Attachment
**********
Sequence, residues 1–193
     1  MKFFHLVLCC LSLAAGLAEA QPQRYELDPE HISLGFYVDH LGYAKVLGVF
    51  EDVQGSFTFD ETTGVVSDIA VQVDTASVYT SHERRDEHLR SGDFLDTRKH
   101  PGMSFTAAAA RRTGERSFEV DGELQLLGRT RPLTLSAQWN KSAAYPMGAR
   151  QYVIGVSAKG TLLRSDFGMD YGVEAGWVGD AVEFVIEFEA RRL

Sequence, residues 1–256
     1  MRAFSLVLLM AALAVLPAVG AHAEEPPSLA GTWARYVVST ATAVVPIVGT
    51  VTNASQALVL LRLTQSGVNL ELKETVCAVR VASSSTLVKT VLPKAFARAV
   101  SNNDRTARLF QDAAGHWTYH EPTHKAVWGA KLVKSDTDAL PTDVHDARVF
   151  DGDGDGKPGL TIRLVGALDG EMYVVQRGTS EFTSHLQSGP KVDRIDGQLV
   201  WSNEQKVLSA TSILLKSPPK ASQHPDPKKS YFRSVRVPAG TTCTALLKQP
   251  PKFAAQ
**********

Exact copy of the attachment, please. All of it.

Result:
Sequence, residues 1–193
     1  MKFFHLVLCC LSLAAGLAEA QPQRYELDPE HISLGFYVDH LGYAKVLGVF
    51  EDVQGSFTFD ETTGVVSDIA VQVDTASVYT SHERRDEHLR SGDFLDTRKH
   101  PGMSFTAAAA RRTGERSFEV DGELQLLGRT RPLTLSAQWN KSAAYPMGAR
   151  QYVIGVSAKG TLLRSDFGMD YGVEAGWVGD AVEFVIEFEA RRL

Sequence, residues 1–256
     1  MRAFSLVLLM AALAVLPAVG AHAEEPPSLA GTWARYVVST ATAVVPIVGT
    51  VTNASQALVL LRLTQSGVNL ELKETVCAVR VASSSTLVKT VLPKAFARAV
   101  SNNDRTARLF QDAAGHWTYH EPTHKAVWGA KLVKSDTDAL PTDVHDARVF
   151  DGDGDGKPGL TIRLVGALDG EMYVVQRGTS EFTSHLQSGP KVDRIDGQLV
   201  WSNEQKVLSA TSILLKSPPK ASQHPDPKKS YFRSVRVPAG TTCTALLKQP
   251  PKFAAQ